On Saturday, May 6, Volunteers from the Wayne Township Trustee Office participated in the Great American Cleanup once again this year. Organized by Maintenance Director Tim Jones, the group spent the morning picking up litter and generally cleaning up around the Pontiac Roundabout, the Fort Wayne Rescue Mission and Weisser Park ball diamonds and elementary school. This is an annual project that kicks off our spring and summer calendar of events. It makes everyone involved feel good about giving something back to the community and helping Mother Nature to look her best for all the outdoor activities coming up.
And speaking of mothers, Sunday May 14th is Mother’s Day when we honor our mothers and remember all the contributions they have made to our well-being. Mother’s are so important in our personal lives and in the life of our community. They give an unconditional love that ideally provides their children with a solid foundation of confidence and self-esteem from which they can grow up to be solid citizens. Without a doubt, our mothers are unsung heroes.
Here at Wayne Township we are always impressed by the fact that no matter how difficult the life situation is for many of our clients, the mothers, young and old, that come through our office always seem to have the welfare of their children as their top priority. So it seems fitting to take a day each year to recognize those mothers and mother figures in all of our lives that give so much to their children.
A little history: a pioneer in the effort to establish Mother’s Day was Julia Ward Howe. She is the same woman who wrote the words to the Battle Hymn of the Republic. Shortly after the end of the Civil War, Mrs. Howe started a peace crusade in Boston which she called a Mother’s Peace Day to be held on the second Sunday in June. That event grew each year until by 1873 women in over 18 cities across the United States were gathering annually in what became a precursor to our modern Mother’s Day celebration.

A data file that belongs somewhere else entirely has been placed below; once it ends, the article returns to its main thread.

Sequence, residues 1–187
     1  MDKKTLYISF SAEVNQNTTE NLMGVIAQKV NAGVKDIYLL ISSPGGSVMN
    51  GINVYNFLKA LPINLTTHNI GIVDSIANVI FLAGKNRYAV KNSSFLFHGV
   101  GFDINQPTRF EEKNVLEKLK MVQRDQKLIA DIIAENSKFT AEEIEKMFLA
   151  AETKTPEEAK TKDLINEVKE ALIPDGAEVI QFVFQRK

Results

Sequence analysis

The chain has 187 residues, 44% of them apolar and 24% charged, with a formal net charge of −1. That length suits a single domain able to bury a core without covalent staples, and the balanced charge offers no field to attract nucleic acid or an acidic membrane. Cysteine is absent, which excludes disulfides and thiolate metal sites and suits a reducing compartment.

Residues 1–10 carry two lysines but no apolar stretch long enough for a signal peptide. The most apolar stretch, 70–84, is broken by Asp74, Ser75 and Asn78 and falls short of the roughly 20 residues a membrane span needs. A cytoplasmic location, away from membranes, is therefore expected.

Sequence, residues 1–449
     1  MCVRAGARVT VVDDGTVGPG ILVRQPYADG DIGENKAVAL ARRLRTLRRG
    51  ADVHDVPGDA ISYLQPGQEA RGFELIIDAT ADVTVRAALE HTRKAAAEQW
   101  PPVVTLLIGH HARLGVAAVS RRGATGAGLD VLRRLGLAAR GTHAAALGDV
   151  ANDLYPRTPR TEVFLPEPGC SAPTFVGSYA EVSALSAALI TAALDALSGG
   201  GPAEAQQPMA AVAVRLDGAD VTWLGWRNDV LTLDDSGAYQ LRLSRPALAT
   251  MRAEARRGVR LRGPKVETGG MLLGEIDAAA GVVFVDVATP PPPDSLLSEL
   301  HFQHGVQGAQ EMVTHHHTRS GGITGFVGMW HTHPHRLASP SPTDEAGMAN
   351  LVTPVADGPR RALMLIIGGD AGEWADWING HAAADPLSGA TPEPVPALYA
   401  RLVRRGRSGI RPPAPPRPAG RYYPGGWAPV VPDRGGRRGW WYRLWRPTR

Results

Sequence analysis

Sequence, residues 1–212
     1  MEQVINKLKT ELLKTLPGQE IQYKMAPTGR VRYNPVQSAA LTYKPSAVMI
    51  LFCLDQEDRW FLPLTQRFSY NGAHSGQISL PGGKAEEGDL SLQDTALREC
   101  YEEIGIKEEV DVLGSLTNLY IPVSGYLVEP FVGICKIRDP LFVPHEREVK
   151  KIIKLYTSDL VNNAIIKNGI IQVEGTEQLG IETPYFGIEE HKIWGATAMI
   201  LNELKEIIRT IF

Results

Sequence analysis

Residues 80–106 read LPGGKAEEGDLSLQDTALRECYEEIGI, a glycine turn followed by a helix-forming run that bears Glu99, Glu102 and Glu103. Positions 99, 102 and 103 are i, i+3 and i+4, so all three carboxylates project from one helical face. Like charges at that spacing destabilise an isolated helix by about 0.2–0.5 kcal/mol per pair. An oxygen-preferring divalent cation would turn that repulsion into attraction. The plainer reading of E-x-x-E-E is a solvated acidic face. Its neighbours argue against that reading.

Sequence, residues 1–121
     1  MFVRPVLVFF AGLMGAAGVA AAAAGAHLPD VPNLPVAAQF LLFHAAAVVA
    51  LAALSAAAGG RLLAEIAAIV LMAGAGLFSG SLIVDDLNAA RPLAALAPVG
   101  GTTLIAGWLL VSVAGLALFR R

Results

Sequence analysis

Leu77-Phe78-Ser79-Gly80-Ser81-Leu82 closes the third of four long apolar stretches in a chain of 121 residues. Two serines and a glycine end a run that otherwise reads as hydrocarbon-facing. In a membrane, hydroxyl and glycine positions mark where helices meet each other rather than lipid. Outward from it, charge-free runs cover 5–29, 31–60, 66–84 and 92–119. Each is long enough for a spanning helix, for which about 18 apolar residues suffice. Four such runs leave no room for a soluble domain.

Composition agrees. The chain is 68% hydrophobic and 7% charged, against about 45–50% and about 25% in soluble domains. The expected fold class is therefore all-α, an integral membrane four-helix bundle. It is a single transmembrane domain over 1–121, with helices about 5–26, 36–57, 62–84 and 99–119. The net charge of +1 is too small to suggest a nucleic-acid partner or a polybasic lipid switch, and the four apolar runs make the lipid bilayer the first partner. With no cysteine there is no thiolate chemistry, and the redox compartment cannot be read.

Another woman who was most influential in establishing a national Mother’s Day was Anna Jarvis. She was the daughter of Ann Jarvis, who in 1868 worked to establish Mother’s Friendship Day to reunite families that had been divided during the Civil War. Ann Jarvis, originally from Grafton, West Virginia, had wanted to expand Mother’s Friendship Day into an annual memorial for mothers, but she died in 1905 before the celebration became popular.
So her daughter, Anna, took over her mother’s cause. A small service was conducted on May 12, 1907, in her mother’s church, Andrews Methodist Episcopal in Grafton, and the first official service was held there the next year on May 10. Mother’s Day was declared a holiday by West Virginia in 1910 and other states quickly followed.
On May 8, 1914, the U.S. Congress designated the second Sunday in May as Mother’s Day; and President Woodrow Wilson issued a proclamation declared it the first official national Mother’s Day. In 1934, President Franklin D. Roosevelt approved the first postage stamp commemorating the holiday. The Grafton Church, where the first celebration was conducted, has now become the International Mother’s Day Shrine and a National Historic Landmark.
Later in her life, Anna Jarvis became disillusioned with how commercialized Mother’s Day had become. In her opinion, the day that started as a religious service recognizing the civilizing influence of mothers had too much changed its focus toward just getting people to spend their money.
Today we celebrate Mother’s Day with cards, gifts and sometimes by taking our mothers out to lunch or dinner. Yes, there still is some commercialism, but there is also a lot of love going around as mothers and children express their appreciation of each other.
We at the Wayne Township Trustee Office hope you have a Happy Mother’s Day however you celebrate.
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